January 16, 2018

HHS Creates New Centers To Combat Bioterror, Pandemics

Three new public-private partnerships created with a $400 million investment from the U.S. Department of Health and Human Services (HHS) will develop medicines and vaccines and train biopharmaceutical workers to respond to health emergencies arising from bioterrorist attacks an pandemics.

Called Centers for Innovation in Advanced Development and Manufacturing, these centers will be consortiums of academic institutions, small biotech firms and large pharmaceutical companies located in Maryland, North Carolina and Texas.

The facilities, which will be new or retrofitted existing structures, will “incorporate flexible, innovative manufacturing platforms that can be used to manufacture more than one product. The facilities will use modern cell- and recombinant-based vaccine technologies that have the potential to produce vaccines for not only pandemic influenza but also other threats more quickly and in a more affordable way,” according to an HHS statement. The private partners will provide about 35 percent of the start up costs total costs and HHS will cover the rest.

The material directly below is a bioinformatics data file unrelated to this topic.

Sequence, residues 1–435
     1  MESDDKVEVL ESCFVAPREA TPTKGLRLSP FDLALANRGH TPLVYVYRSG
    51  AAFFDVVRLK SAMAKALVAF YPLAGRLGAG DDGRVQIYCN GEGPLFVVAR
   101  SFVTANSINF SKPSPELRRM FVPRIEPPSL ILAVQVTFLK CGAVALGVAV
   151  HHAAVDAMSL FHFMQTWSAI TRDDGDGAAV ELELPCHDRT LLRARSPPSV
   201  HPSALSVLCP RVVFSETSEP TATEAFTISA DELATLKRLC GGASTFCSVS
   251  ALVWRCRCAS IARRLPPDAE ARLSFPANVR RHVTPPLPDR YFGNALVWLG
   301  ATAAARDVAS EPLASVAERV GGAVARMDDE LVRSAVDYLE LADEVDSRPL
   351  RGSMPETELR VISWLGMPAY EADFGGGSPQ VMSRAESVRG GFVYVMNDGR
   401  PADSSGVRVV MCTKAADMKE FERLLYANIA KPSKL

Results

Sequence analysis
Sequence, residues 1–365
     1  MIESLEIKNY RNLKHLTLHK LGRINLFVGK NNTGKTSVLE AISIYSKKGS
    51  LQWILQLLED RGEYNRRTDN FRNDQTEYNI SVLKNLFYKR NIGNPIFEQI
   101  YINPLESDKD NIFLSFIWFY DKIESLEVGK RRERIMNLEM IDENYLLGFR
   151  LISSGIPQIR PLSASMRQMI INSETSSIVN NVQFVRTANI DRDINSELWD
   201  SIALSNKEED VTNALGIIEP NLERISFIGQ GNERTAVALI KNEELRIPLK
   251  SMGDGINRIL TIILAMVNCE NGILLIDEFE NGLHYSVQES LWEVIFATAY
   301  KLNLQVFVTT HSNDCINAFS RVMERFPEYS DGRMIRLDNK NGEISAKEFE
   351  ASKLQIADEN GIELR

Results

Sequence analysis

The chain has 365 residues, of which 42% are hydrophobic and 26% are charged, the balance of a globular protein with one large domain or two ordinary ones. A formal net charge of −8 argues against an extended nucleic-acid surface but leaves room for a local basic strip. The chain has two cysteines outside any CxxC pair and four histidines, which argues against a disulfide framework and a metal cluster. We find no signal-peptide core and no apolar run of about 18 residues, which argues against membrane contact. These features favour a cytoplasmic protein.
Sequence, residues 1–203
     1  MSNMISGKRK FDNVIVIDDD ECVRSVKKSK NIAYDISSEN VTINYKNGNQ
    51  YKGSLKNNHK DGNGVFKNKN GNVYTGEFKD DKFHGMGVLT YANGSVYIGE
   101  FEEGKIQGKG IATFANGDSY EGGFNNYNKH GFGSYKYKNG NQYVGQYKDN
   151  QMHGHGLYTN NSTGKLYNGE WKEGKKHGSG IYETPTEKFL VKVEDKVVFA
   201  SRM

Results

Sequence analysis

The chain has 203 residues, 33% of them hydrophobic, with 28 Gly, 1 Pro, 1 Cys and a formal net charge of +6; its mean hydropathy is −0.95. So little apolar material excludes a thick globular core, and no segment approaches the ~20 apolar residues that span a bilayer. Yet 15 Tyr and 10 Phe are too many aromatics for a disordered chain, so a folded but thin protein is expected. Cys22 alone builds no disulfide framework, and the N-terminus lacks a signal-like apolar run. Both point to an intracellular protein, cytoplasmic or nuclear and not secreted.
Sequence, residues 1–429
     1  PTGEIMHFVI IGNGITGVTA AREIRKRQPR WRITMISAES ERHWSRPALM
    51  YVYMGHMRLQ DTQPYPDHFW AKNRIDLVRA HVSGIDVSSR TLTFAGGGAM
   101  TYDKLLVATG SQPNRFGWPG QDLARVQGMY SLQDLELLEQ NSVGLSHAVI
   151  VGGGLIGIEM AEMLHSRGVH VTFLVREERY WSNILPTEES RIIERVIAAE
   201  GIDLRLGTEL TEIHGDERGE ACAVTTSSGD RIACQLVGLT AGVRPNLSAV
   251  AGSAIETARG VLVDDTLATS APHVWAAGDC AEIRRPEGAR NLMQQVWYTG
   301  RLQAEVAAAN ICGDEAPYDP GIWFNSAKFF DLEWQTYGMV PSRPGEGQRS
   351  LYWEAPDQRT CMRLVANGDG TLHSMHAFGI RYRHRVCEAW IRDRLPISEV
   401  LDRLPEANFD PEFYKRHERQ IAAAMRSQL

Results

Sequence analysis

The three centers are:

Emergent Manufacturing Operations Baltimore LLC,  Michigan State University, Kettering University of Flint, Mich., and the University of Maryland, Baltimore. This is a $163 million eight-year contract.

Novartis, North Carolina State University and Duke University. This is a $60 million four-year contract.

Texas A&M University System,  GlaxoSmithKline Vaccines of Marietta, Pa.; Lonza of Houston, Texas, and Kalon Biotherapeutics of College Station, Texas. This is a $176 million contract.

Report Your Food Poisoning Case
[contact-form-7 404 "Not Found"]
×
×

Home About Site Map Contact Us Sponsored by Pritzker Hageman, P.A., a Minneapolis, MN law firm that helps food poisoning victims nationally.